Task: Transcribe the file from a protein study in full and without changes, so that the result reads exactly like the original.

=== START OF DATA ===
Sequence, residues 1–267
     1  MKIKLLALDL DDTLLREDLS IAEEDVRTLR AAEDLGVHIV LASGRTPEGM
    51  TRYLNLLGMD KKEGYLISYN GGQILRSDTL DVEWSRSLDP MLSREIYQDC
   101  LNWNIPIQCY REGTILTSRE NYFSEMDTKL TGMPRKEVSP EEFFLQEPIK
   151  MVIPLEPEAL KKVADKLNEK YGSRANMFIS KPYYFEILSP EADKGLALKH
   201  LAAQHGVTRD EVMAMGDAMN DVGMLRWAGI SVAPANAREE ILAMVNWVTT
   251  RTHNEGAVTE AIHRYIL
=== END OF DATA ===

Sequence, residues 1–267
     1  MKIKLLALDL DDTLLREDLS IAEEDVRTLR AAEDLGVHIV LASGRTPEGM
    51  TRYLNLLGMD KKEGYLISYN GGQILRSDTL DVEWSRSLDP MLSREIYQDC
   101  LNWNIPIQCY REGTILTSRE NYFSEMDTKL TGMPRKEVSP EEFFLQEPIK
   151  MVIPLEPEAL KKVADKLNEK YGSRANMFIS KPYYFEILSP EADKGLALKH
   201  LAAQHGVTRD EVMAMGDAMN DVGMLRWAGI SVAPANAREE ILAMVNWVTT
   251  RTHNEGAVTE AIHRYIL